Chatal-Hyuk shrines reveal the rich world of early agricultural culture. Along with the paintings, the walls were decorated with relief figures, sculpted from clay on a frame of reeds, as in Jericho, or made of wood. Sometimes these figures (if they depicted animals) were mounted with the skulls of a bull or a ram. Rows of such horned bull heads were placed on special elevations, giving the sanctuary a rather intimidating appearance. Stylistically, the paintings of Chatal Huyuk combine the ancient cultural traditions of Stone Age hunters and new trends. Murals that recreate hunting scenes, where numerous figures of beaters surround a bull caught in a trap, or overtake a rushing deer, are characterized by lively expression. However, most of the murals in Chatal Huyuk are conventional and schematic.
There are also large reliefs in the shrines of schematic female figures with arms and legs spread out to the sides. They undoubtedly indicate that one of the most important places in the ancient pantheon was occupied by the deity of fertility in female form. Sometimes in reliefs it was emphasized that this figure as if gives life to the head of a bull or a ram. It is possible that the image of the bull was already associated with a male deity. Later, this was traced in a number of Ancient Eastern religions. The picture of the cult of the goddess of fertility is complemented by stone and terracotta statuettes. There are many of them that depict naked women. In one stone relief, the figure of a woman is reproduced standing behind a leopard, which was considered, perhaps, a sacred animal. There is also a relief depicting two leopards with their heads facing each other. A statuette made of marble was also found. He is a seated man with bracelets on his forearms and a leopard-skin headdress. The special significance of this predator from the cat family in ancient religious beliefs is undoubtedly.
The Chatal Huyuk culture has generated considerable debate about its origins. Various interpretations were also given to it. Many Western European researchers refer to Chatal-Huyuk itself as a ” Neolithic city “or”agro-city”. However, having a significant number of inhabitants (according to different systems of calculation-from 2 to 6 thousand people), Chatal-Huyuk, meanwhile, was not a center of trade or handicraft production. The various kinds of crafts, with all the perfection of the products they produced, were nothing more than a primitive craft, not connected with commodity production. There is no reason to exaggerate the commercial function of this primitive settlement.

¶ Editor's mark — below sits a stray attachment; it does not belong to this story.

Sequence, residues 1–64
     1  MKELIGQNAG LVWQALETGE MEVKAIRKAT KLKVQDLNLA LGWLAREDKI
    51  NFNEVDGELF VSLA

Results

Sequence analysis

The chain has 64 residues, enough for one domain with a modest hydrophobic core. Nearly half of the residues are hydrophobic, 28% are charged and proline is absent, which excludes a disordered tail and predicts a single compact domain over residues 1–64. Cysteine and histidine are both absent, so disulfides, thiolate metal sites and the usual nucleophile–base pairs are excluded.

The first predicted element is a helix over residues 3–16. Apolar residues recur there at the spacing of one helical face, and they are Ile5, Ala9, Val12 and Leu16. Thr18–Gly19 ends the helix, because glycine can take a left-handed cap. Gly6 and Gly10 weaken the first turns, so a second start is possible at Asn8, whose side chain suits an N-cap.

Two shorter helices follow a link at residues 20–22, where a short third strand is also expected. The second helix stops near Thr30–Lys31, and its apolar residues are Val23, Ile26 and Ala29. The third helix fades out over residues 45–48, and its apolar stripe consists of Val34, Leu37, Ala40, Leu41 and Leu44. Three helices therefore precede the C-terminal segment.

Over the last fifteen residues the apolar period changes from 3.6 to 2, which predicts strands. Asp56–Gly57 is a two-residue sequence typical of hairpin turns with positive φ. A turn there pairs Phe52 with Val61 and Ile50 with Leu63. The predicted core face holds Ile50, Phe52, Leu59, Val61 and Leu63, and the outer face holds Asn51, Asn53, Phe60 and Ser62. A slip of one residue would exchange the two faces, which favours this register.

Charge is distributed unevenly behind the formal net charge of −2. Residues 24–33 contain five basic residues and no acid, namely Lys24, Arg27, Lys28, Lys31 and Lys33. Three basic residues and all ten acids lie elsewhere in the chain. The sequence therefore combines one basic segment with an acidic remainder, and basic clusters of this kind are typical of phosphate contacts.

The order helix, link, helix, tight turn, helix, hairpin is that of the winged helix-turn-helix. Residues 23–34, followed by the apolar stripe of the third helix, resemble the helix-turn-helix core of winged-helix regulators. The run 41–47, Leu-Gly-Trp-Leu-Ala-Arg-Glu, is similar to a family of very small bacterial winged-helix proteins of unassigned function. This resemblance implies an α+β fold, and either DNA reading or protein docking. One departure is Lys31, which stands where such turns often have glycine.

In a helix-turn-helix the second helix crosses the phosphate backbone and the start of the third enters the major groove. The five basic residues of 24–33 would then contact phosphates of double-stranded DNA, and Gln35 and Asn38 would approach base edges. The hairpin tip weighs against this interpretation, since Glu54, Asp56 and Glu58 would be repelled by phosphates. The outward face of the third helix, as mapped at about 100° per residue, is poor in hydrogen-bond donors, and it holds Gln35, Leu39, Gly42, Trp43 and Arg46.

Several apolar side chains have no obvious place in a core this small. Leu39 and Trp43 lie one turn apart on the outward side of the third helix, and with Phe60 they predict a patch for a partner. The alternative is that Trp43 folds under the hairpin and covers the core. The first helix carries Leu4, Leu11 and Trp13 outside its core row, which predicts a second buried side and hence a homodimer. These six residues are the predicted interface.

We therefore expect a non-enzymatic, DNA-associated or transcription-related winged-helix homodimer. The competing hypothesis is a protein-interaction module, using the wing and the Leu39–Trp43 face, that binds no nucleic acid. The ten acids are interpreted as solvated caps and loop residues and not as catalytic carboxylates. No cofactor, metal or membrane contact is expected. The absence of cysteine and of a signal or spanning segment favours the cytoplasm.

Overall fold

At the same time, the middle position in the system of small settlements indicates that Chatal-Huyuk, as the center of the agricultural district, could also perform organizational functions, even play the role of an ideological leader. Settlements of this type are at the origins of the formation of ancient Eastern cities — a process associated with a long cultural and socio-economic evolution. In Asia Minor, after the desolation of Chatal-Huyuk, significant centers appear only in the IV-III thousand BC. Nevertheless, the Chatal-Huyuk phenomenon is very significant as an example of the truly huge opportunities that the transition to agriculture opened up.
The third important center of the early agricultural cultures of Anterior Asia was Northern Mesopotamia with the adjacent mountainous regions of Western Iran. Here, in the VII-VI millennium BC, a culture of the Jarmo type developed. Among its monuments is the Jarmo settlement itself, the discovery of which in 1950 marked a new stage in the study of the early agricultural era, as well as Tell Shamshir in the Iraqi part of the Zagros Mountains and Tepe Sorab and Tepe Guran in Iran.
These were early agricultural settlements with solid mud houses, the foundations of which were sometimes laid out of stone. Only in the later stages does pottery appear, decorated with simple painted ornaments. But the stone vessels are extremely numerous and diverse, which do not disappear with the advent of ceramics. The clay was used to make cones and other pieces, most likely intended for games, as well as various animal figures. Realistic and figurines depicting sitting fat women with massive hips.
The agricultural and pastoral nature of the economy of the inhabitants of the mountain settlement of Jarmo is beyond doubt. Grains of two types of cultivated wheat and one type of barley were found here. There are also wild varieties of barley, peas and lentils. The number of domestic animals includes a goat, in the later stages-and a pig. The relatively constant supply of food provided the Jarmo community with a stable settlement. As a result, cultural layers of seven-meter thickness were formed here.
Relatively small settlements of mountain farmers and pastoralists were located in an area where the natural environment promoted an early transition to new forms of farming, but did not ensure their rapid rise. Thus, the presence of extensive thickets of wild cereals did not stimulate active breeding searches for new breeds.